The other issue has to do with the way the ingredients are presented. Instead being listed in the order needed (the cookbook industry standard), the ingredients are separated into sections labeled produce, dairy, meat, and pantry. The recipe directions indicate how to prepare or cut the produce and other ingredients. I'm a mise en place kind of cook, so I'm not a big fan of this recipe format--though I easily adapted.

The good news is that every recipe in Salad Freak either I or the other Abrams Dinner Party members made was a huge success. The salads were both beautiful and delicious. I wouldn't let the unconventional ingredient list prevent you from giving Salad Freak by Jess Damuck a try.

The recipe I'm sharing is for the carrot salad, which I served with BBQ ribs. The salad was delicious right away and again the next day at lunch. Note that Damuck suggests cutting the carrots with a julienne peeler, but I used the julienne disk in my food processor.

Carrots for Lauryn
photo of carrot salad from Salad Freak by Jess Damuckserves 2 to 4 as a side

  • Produce
  • 1 lemon
  • 4 medium to large carrots
  • 1 handful fresh parsley
  • Pantry
  • 2 tablespoons grainy mustard
  • 1/4 cup (60 ml) extra-virgin olive oil
  • Kosher salt and freshly ground black pepper
Make the lemon and mustard vinaigrette: In a large bowl, whisk together 2 tablespoons mustard, 1/4 cup (60 ml) oil, and the zest and juice of 1 lemon. Season with salt and pepper.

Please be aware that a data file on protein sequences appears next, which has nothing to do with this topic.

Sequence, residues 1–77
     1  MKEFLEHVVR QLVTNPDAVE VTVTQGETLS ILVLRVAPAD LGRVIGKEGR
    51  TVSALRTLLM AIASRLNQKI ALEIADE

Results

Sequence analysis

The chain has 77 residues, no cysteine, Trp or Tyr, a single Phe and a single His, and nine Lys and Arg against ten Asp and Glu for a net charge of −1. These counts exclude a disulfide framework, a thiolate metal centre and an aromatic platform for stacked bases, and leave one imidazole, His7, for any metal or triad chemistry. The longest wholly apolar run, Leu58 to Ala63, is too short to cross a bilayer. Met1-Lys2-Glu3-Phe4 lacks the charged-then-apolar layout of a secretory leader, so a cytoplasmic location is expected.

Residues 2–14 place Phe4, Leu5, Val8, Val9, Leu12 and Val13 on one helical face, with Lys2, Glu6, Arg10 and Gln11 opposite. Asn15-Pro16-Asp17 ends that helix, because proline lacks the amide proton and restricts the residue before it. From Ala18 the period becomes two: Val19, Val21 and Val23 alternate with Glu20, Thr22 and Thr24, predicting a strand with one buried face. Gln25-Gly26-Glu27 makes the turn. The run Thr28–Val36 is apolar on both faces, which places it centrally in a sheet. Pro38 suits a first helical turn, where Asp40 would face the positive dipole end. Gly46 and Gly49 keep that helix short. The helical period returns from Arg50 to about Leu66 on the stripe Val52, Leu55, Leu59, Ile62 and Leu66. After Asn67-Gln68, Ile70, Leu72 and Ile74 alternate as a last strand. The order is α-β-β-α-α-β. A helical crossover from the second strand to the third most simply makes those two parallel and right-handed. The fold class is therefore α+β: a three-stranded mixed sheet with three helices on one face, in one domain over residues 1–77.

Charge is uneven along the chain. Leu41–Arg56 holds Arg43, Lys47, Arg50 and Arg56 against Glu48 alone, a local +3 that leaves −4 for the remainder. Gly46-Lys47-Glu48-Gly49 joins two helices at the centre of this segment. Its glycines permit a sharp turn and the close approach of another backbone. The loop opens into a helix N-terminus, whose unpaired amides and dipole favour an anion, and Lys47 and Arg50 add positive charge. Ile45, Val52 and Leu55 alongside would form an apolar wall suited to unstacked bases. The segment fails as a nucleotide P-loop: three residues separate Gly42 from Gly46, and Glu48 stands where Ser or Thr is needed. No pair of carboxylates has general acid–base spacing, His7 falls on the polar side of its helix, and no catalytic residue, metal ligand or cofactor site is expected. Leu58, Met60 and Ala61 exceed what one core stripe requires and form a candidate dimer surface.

Prep, assemble, and serve: Peel and julienne 4 carrots and add to the bowl with the dressing. Roughly chop 1 handful of parsley and add to the bowl. Season to taste and toss to combine. You're done; that's it. Really.

Note: The recipe is used in the context of a review; all rights remain with the original copyright holders. The photos are my own.

Shared with Weekend Cooking, hosted by Marg at The Intrepid Reader (and Baker)

9 comments:

Mae Travels 3/26/22, 8:22 AM  

The combinations of ingredients in the salads you mentioned really sounded imaginative and delicious.

best… mae at maefood.blogspot.com

rhapsodyinbooks 3/26/22, 8:37 AM  

The asparagus, peas, and cucumber salad sounds delicious and perfect for Spring!

Tina 3/26/22, 8:41 AM  

Cantaloupe & cucumber attracted me and as I read more of your post I was intrigued by many other such as the meatballs and Waldorf.

gluten Free A_Z Blog 3/26/22, 10:04 AM  

As you probably know this vegan loves salads and I am always on the look out for new ideas and combinations.
The cantaloupe-cucumber salad is a new idea for me. I'm sure I would enjoy this book. Thanks for the review.

Vicki 3/26/22, 12:00 PM  

I love salads and eat them often so this interests me. I'm a mise en place cook too, makes things much easier.

Jackie McGuinness 3/26/22, 12:39 PM  

Book isn't at my library yet. I have my usual go to salads but would like to look at this book for inspiration as we don't eat enough salads.
I am also a mise en place cook so I don't care my a grocery store shopping list of ingredients either.

Melynda@Scratch Made Food! 3/26/22, 4:01 PM  

Love seeing the non-lettuce salad! They are a perfect way to get more vegetables in the mealplans.

Marg 3/27/22, 2:49 AM  

We aren't that good at salads I have to say.

Anonymous,  3/27/22, 3:13 PM  

I would love this cookbook, as we are vegetarians, and even though so much of my "cooking" is just putting complimentary foods together without a recipe, I could use some new ideas. Thanks for sharing this.